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Tkb Review: 2019 AIRUSH Wave V8

On March 26, 2019   |   By thekiteboarder.com

Sizes Available: 5, 6, 7, 8, 9, 10, 12m
Sizes Tested: 9, 12m

Airush Says:

Wave and strapless riding have come a long way since we first introduced the Wave kite, but through ongoing development, we continue to take those driving turns, big strapless forwards, and smooth power delivery to a new performance level. The Wave V8s updated shape is focused around refinement, while customization through bridle options give a fresh perspective.

With the optional fixed bridle, riders can pick between more direct steering and on-off power delivery without pulleys or a smooth and progressive ride with amazing gust response with pulleys. This fixed bridle has been designed specifically for each size of kite in the V8 range, giving the rider the most efficient and precise bridling.

The benefits of the unique construction of Airush Kites is evident in the Wave, where the Load Frame, absolute premium materials and years of construction refinement deliver the perfect balance of light weight drifting capabilities and precision turning with durability and reliability.

Visit for more info: www.airush.com/kites/wave-8

Our Testers Say:

Love this kite, does almost everything with unbelievable boosting on a wave kite. Comfortable from the get-go. Slightly heavier bar pressure, good turning speed, great bar design (best QR reconnect system). // Micha Dassler

Pulled when I wanted and let off when I needed depower, drifted with ease, going downwind was a joy. Stable with good upwind ability. // Kiter Mike

Felt instantly comfortable, stable, easy to fly, surprisingly fun to jump for a kite that sits back in the window. Great turning wave kite with jumping fun. // Marko Bartscherer

Meet Our Testers

TKB Says:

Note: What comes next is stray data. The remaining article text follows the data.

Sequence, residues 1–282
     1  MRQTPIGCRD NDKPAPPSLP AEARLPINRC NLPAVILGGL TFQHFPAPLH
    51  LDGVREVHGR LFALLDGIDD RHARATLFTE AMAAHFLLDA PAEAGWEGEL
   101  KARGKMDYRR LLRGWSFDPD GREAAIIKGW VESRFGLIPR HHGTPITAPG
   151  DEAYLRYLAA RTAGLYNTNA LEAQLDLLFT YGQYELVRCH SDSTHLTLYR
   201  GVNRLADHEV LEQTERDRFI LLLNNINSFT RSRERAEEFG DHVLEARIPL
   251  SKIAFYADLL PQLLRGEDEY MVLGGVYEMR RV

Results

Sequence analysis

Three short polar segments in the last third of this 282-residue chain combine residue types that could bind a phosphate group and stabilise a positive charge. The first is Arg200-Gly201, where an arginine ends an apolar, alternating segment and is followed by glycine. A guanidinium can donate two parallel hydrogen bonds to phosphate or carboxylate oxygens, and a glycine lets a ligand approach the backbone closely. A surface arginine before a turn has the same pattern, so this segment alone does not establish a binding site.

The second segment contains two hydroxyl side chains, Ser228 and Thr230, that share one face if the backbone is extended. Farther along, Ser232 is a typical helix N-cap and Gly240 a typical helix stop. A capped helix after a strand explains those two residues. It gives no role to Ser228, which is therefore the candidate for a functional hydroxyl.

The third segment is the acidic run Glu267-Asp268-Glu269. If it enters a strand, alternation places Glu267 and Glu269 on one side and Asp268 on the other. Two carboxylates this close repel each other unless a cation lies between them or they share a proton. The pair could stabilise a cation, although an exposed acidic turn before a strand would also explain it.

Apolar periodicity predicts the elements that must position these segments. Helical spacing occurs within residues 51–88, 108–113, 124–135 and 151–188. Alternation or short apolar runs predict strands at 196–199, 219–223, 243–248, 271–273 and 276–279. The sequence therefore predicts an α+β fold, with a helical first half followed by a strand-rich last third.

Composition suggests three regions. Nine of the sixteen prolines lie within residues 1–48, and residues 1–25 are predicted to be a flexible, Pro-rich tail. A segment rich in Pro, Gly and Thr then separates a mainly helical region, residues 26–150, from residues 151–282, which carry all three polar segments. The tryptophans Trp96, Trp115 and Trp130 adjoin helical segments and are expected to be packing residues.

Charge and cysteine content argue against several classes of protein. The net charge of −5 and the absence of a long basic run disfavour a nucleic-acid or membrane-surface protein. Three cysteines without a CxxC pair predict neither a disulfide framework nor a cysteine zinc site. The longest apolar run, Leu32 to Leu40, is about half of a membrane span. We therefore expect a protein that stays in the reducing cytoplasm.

The Airush Wave is a medium to low aspect 3-strut kite with fairly sweptback wingtips that testers gave excellent reviews for its drifting ability, user-friendly turning and surprisingly fun boosting. The Wave comes with two bridle options, one with pulleys, the other without. We had the bridle with three pulleys which is designed to offer a softer, more progressive sheet and go feel. The wingtips offer three attachment points to adjust bar pressure and the front bridle has pigtails with loops and the wingtip attachment points end in knots. The construction on this kite feels lightweight with a noticeably thinner diameter leading edge. The Wave uses a Boston valve which requires the larger of the standard fittings that come with all pump hoses for quick and easy inflation. The Wave features fairly responsive steering input and in terms of turning, its steering arc is a tight pivot style turn that is very easy to control. The in/out sheeting on the bar feels fairly progressive, although in underpowered conditions we had to tune the kite with the power cleat to avoid over-sheeting and stalling the kite. Testers rated the bar pressure between medium and medium plus and all commented on this kites extensive drift capabilities as well as stability in the wind window and noted that it likes to sit a little deeper in the window. As a surf kite, you wouldnt expect the Wave to score strong in the boosting department, but all testers commented on how fun this kite was for user-friendly and fun jumping. In terms of lift and pull, the Wave actually has a nice medium pulling power which is smooth through gusts, and seemed to have good range the canopy completely depowered during gusts. When it comes to relaunch this is one of those kites that when its nose down in the water at the bottom of the window, the Wave will turn and hot launch for a quick relaunch. This is a great feature for a wave kite when you need to get it up before the next set wave chunders the canopy into a bowtie. Testers highlighted the Wave for its drift capabilities and user-friendly power and steering, as well as its quick relaunch, but also commented universally on its fun jumping potential with good boosting lift and middle of the road hangtime. The Wave is a kite that will excel mostly in the surf realm, but its characteristics make the Wave also an excellent candidate for foilboarding and the all-around freeride kiter who mixes waves, with big air and the foil.